I'm on deadline at work so I won't be posting an election update story until later on today. However, I have some juicy tidbits so check back again soon.

First frosty morning of the year

Despite the sunshine outside, the grass is a bit slippery today, yielding the first morning frost of the year. Driving home last night, I was amazed at all the fog around the Hooksett tollbooths. It was deep and thick, with only a car length or so visibility. Very weird.

Tuesday, November 6, 2007


Jim Bouley handily beat Katherine Rogers tonight by more than 1,700 votes in unofficial returns. Bouley won easily city-wide with Rogers winning only one ward, her home ward of Ward 9, by a mere 9 votes.
In the at-large race, Rep. Steve Shurtleff and incumbent Mark Coen will serve four year terms, both easily beat out Merwyn Bagan, Al "Tinker" Foy and the lesser known challengers.
In the school board race it was a squeaker: Jennifer Patterson and Megan DeVorsey both easily won with Laura Bonk beating out Rick Watrous by 128 votes.
Dick Lemieux easily fended off a write-in challenge by Trisha Dionne in Ward 4 and Dick Patten easily beat Ray LaCasse in Ward 8.
Turnout was a little more than 20 percent.
Congratulations to the winners and to everyone who sticks their neck out to run for public office. You are all winners for trying. We'll have more analysis later tomorrow.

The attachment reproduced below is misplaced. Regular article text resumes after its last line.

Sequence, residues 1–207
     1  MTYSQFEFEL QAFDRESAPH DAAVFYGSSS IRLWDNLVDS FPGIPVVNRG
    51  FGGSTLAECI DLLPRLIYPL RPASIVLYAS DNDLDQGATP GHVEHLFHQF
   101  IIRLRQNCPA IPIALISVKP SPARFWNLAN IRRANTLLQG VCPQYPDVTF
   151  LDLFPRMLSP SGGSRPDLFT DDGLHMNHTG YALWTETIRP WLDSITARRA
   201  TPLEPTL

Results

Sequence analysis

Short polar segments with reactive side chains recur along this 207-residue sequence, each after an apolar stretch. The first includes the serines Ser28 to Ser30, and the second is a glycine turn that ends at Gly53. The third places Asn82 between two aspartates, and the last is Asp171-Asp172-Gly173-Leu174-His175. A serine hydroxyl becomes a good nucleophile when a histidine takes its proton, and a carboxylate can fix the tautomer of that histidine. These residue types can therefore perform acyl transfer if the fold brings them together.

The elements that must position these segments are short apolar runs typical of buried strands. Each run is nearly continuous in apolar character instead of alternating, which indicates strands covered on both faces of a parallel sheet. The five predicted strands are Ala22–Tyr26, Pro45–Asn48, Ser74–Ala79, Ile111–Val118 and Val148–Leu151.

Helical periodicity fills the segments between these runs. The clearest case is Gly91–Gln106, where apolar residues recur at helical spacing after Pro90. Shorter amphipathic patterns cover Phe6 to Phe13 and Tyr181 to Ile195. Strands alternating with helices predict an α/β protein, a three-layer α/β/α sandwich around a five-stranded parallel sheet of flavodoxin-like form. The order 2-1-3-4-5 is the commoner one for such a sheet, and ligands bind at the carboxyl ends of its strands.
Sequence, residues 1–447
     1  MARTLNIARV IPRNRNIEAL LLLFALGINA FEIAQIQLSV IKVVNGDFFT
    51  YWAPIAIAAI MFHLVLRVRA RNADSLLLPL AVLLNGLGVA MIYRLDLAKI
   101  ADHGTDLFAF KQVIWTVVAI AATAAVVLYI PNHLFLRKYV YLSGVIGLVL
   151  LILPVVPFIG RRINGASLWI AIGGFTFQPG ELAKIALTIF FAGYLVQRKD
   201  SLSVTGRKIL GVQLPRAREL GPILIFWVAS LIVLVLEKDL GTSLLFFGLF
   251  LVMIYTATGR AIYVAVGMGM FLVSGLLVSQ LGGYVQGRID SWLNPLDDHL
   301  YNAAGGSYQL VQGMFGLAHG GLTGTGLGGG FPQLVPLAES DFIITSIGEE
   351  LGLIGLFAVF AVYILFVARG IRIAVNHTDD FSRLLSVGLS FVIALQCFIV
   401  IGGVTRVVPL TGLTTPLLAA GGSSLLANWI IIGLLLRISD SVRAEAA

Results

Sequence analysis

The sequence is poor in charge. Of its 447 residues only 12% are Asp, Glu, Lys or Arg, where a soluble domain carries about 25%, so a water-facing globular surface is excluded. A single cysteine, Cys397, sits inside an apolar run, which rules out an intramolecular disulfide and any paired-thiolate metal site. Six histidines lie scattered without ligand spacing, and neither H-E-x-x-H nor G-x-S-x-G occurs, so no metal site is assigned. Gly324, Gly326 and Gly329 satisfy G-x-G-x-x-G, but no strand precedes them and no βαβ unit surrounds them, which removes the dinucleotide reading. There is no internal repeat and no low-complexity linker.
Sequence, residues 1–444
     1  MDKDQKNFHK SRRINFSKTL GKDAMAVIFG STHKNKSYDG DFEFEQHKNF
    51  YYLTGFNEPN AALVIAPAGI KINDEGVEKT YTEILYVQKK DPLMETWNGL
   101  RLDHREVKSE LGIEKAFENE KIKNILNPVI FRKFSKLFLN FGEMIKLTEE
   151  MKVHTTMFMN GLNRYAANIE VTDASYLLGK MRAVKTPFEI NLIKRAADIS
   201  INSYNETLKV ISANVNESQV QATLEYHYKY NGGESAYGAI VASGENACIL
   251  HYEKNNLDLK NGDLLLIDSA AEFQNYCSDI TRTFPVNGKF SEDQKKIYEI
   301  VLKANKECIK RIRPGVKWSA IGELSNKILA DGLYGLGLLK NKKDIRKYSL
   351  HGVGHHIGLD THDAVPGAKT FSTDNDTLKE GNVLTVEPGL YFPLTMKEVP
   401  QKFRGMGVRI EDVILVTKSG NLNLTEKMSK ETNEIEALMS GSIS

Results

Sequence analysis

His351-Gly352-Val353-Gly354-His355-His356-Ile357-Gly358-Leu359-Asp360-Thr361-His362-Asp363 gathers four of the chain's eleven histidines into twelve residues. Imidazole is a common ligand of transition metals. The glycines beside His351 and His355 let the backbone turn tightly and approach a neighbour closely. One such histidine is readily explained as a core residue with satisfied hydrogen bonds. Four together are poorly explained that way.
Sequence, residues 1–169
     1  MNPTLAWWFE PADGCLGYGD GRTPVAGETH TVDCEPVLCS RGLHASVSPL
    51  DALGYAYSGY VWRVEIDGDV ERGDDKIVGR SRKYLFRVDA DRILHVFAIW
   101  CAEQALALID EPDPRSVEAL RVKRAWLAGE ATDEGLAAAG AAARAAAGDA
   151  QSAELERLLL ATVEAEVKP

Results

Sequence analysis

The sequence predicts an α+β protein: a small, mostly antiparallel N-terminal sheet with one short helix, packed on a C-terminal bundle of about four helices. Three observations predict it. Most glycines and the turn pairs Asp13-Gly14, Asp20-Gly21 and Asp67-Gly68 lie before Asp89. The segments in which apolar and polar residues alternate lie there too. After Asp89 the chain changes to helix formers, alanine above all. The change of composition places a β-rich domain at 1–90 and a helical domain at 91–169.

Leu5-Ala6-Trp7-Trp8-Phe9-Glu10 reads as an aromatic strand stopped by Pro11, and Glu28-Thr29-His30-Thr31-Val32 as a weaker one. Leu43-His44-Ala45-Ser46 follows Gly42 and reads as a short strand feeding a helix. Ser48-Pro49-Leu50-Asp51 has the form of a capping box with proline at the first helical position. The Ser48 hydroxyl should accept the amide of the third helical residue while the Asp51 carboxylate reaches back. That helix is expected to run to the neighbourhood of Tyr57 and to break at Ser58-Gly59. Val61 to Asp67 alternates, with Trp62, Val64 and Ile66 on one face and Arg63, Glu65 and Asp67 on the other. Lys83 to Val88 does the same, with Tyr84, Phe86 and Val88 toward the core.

Results as soon as we can get them ... will post the results of the city's municipal elections as soon as we get access to them. You can also check the city's Web site,, for results sometime after 7 p.m. Feel free to offer any comments about the results on this page, either in the comment section or via email at


It is pissing down with rain, as the saying goes, throughout the region and Concord is no exception. Polling is slow today throughout the city, according to random rumors spreading across the campaigns.
The firefighters are out with a force of sign holders at various polling places, urging support for Mayoral candidate Katherine Rogers, at-large candidates Merwyn Bagan and Rep. Steve Shurtleff, and Trisha Dionne in Ward 4 [They are probably over in Ward 8 helping Dick Patten but I didn't venture over to the Heights this morning].
Bouley has family, friends, and yeah, a slew of Teamsters, at polling locations across the city, trying to fend off Rogers' supposed union cred. In some locations, supporters for Bouley are three and four deep, despite the rain.
Over at the Ward 5 polling location, Matt and Whitley, Bouley's stepchildren, were hanging out in the morning, greeting voters. Bagan hung around for a bit early on but then left. At-large candidate Al "Tinker" Foy stopped by around 10 a.m. for a short time. School Board candidates Jennifer Patterson and Rick Watrous were also there for a spell before both left to visit other wards.
Both mayoral campaigns seem pretty organized but neither had poll checkers in Ward 5 so they are probably not counting their 1s and 2s and are betting that their supporters will just come out to vote. Campaign volunteers for both candidates were riding around the city, serving up coffee and donuts in the morning. Bouley's campaign came around with sandwiches just before lunch while Rogers' supporters turned away the offer of free food.
"We've got chili coming," noted one firefighter with a big smile.